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Electromagnetic shielding

Electromagnetic shielding is the process of limiting the flow of electromagnetic fields between two locations, by separating them with a barrier made of conductive material. Typically it is applied to enclosures, separating electrical devices from the 'outside world', and to cables, separating wires from the environment the cable runs through. Electromagnetic shielding used to block radio frequency electromagnetic radiation is also known as RF shielding.

The shielding can reduce the coupling of radio waves, electromagnetic fields and electrostatic fields, though not static or low-frequency magnetic fields. (A conductive enclosure used to block electrostatic fields is also known as a Faraday cage.) The amount of reduction depends very much upon the material used, its thickness, and the frequency of the fields of interest.


Materials used

Typical materials used for electromagnetic shielding include sheet metal, metal mesh, metal foam, and plasma (ionized gas). Any holes in the shield or mesh must be significantly smaller than the wavelength of the radiation that is being kept out, or the enclosure will not effectively approximate an unbroken conducting surface.

Another commonly used shielding method, especially with electronic goods housed in plastic enclosures, is to coat the inside of the enclosure with a metallic ink or similar material. The ink consists of a carrier material loaded with a suitable metal, typically copper or nickel, in the form of very small particulates. It is sprayed on to the enclosure and, once dry, produces a continuous conductive layer of metal, which can be electrically connected to the chassis ground of the equipment, thus providing effective shielding.

Example applications

One example is a shielded cable, which has electromagnetic shielding in the form of a wire mesh surrounding an inner core conductor. The shielding impedes the escape of any signal from the core conductor, and also signals from being added to the core conductor. Some cables have two separate concentric screens, one connected at both ends, the other at one end only, to maximize shielding of both electromagnetic and electrostatic fields.

The door of a microwave oven has a screen built into the window. From the perspective of microwaves (with wavelengths of 12 cm) this screen finishes a Faraday cage formed by the oven's metal housing. Visible light, with wavelengths ranging between 400 nm and 900 nm, passes easily between the wires.

RF shielding is also used to prevent access to data stored on RFID chips embedded in various devices, such as biometric passports.

How RF shielding works

Electromagnetic radiation consists of coupled electric and magnetic fields. The electric field produces forces on the charge carriers (i.e., electrons) within the conductor. As soon as an electric field is applied to the surface of an ideal conductor, it induces a current that causes displacement of charge inside the conductor that cancels the applied field inside, at which point the current stops.

Similarly, varying magnetic fields generate current vortices that act to cancel the applied magnetic field. (The conductor does not respond to static magnetic fields, so static magnetic fields can penetrate the conductor freely.) The result is that electromagnetic radiation is reflected from the surface of the conductor: internal fields stay inside, and external fields stay outside.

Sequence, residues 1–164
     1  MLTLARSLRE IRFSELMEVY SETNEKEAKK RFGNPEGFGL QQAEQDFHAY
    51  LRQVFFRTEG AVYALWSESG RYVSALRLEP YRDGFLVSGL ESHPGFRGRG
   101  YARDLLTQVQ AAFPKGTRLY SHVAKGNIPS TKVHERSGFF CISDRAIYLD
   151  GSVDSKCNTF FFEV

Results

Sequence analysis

Several factors serve to limit the shielding capability of real RF shields. One is that, due to the electrical resistance of the conductor, the excited field does not completely cancel the incident field. Also, most conductors exhibit a ferromagnetic response to low-frequency magnetic fields, so that such fields are not fully attenuated by the conductor. Any holes in the shield force current to flow around them, so that fields passing through the holes do not excite opposing electromagnetic fields. These effects reduce the field-reflecting capability of the shield.

In the case of high-frequency electromagnetic radiation, the above-mentioned adjustments take a non-negligible amount of time. But then the radiation energy, as far as it is not reflected, is absorbed by the skin (unless it is extremely thin), so in this case there is no electromagnetic field inside either. This is called the skin effect. A measure for the depth to which radiation can penetrate the shield is the so-called skin depth.

How magnetic shielding works

Physics experiments sometimes require isolation from external magnetic fields. Medical equipment using intense magnetic fields need to be isolated from the outside world. There exists a limited possibility of passively isolating a volume magnetically by using high permeability (electromagnetism) materials such as steel or Mu-metal[1]. Magnetic Flux seeks a path through permeable material, but only up until the material is saturated. Because of the limited ability to passively shield medical equipment it is often being shielded actively by using another magnet to cancel out some of the excess magnetic field.[2] Additionally, superconducting materials can expulse magnetic fields via the Meissner effect.

See also


  1. ^ [1]Magnetic shielding. Lecture notes from the University of Texas.
  2. ^ [2]NMR Magnet Shielding: The seat of the pants guide to understanding the problems of shielding NMR magnets.
This article is licensed under the GNU Free Documentation License. It uses material from the Wikipedia article "Electromagnetic_shielding". A list of authors is available in Wikipedia.
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